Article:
In Conclusion

So we’ve got some interesting evidence that the Biblical Narrative is in fact an accurate historical narrative of things, as it matches “facts in the ground”. We’ve also clarified some of the use of Baal as “Lord” in a generic sense; and we’ve found that the god Baal has some parallel description similar to Amen (and then that makes a tenuous link to YHWH; as we saw in an earlier posting). Is that connection “real”? Or is it just that the same “honors and powers” tended to be heaped onto whatever god name was being used? Unfortunately, at that point the trail is so muddied and so tenuous, that it is a leap too far to claim any connection.

Baal is too loose a word, and too loose a name, to be enough of a determinant to say if there was, or was not, some connection. All we can really say is that the Hebrew God YHWH is an unseen God that is the god of the air and hidden power of the sun; with attribution of being the One God or the head God; the King of Kings. While the Phoenician Baal Shamen has a similar description; and Baal is often touted as the king of the Gods. A lot of similarities for being at each other hammer and tongs.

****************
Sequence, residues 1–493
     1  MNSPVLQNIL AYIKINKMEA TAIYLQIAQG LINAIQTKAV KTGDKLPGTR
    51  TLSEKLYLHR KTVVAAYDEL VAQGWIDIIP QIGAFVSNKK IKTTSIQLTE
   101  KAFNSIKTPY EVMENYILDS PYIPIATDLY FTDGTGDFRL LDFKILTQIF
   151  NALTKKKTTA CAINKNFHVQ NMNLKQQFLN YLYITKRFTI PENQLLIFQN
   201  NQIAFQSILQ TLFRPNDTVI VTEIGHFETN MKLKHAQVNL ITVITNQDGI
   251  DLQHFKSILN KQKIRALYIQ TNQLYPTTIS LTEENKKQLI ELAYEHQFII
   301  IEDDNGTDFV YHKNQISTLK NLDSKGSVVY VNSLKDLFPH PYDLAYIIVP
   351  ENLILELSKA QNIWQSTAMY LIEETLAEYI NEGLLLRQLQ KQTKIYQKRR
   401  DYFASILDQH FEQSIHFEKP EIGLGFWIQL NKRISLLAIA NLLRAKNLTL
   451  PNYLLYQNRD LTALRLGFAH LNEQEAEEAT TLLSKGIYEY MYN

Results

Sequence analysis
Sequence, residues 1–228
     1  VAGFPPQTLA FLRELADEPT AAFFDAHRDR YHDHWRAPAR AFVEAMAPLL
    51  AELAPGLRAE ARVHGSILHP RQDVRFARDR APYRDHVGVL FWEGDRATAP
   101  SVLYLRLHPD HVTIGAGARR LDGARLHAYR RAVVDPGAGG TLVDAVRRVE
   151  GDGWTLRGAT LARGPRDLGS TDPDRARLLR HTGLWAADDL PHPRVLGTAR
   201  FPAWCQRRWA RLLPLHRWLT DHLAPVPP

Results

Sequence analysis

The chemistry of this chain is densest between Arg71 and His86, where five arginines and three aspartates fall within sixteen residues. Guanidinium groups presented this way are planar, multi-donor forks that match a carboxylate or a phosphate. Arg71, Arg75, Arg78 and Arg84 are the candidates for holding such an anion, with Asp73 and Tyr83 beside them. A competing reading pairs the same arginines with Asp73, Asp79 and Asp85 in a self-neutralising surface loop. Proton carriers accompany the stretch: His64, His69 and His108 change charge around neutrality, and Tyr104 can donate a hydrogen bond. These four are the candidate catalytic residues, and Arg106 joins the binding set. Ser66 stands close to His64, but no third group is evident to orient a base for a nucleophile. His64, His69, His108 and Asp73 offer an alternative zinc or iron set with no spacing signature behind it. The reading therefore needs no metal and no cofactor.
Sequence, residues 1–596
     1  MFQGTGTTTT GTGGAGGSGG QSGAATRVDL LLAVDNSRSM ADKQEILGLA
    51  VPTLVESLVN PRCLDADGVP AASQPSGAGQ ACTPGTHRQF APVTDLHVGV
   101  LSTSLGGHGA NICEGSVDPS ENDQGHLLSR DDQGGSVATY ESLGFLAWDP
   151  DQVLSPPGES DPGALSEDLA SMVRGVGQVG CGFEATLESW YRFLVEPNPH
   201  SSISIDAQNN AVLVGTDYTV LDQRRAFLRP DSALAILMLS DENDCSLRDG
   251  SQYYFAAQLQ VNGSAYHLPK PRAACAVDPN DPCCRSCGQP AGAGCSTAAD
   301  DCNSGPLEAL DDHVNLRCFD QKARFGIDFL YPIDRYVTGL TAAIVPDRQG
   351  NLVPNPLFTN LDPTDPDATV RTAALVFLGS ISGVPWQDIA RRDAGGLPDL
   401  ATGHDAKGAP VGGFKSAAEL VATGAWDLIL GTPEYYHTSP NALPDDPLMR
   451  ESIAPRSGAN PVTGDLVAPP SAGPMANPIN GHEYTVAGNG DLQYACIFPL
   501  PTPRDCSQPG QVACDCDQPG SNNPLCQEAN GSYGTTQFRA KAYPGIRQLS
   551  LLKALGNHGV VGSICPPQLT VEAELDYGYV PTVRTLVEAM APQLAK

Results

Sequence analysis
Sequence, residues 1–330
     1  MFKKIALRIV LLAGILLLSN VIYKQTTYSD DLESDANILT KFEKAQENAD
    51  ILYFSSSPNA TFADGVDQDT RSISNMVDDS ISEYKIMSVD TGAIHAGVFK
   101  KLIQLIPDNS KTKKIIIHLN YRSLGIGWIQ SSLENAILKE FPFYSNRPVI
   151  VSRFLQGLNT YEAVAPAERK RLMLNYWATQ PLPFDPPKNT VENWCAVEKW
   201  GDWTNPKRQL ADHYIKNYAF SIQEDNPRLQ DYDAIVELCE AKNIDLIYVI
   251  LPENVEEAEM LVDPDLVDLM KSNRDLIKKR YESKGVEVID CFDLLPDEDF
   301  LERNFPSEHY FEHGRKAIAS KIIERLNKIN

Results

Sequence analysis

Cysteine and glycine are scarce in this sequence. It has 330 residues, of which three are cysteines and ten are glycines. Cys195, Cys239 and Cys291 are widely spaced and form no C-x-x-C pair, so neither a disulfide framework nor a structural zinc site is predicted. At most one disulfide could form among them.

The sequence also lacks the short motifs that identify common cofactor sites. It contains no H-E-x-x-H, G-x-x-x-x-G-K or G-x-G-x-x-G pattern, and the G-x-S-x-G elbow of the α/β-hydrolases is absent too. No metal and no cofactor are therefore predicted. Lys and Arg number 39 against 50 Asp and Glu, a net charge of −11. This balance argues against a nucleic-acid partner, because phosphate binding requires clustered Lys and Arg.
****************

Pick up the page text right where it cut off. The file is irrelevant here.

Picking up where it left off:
So in the end, we are left to trust the Hebrew Priests of that day. They saw the Phoenician Baal as distinct and separate, and a false god, with YHWH as the one true God. Did they get it right? Or was it an ego fight between two closely related cultures over a name, and not much else? I can’t really answer that one. All I can really say is that we now have a better idea who Baal was, and how the term was used.

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About E.M.Smith

A technical managerial sort interested in things from Stonehenge to computer science. My present "hot buttons' are the mythology of Climate Change and ancient metrology; but things change...
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5 Responses to Ba’al, Bel

  1. Zeke says: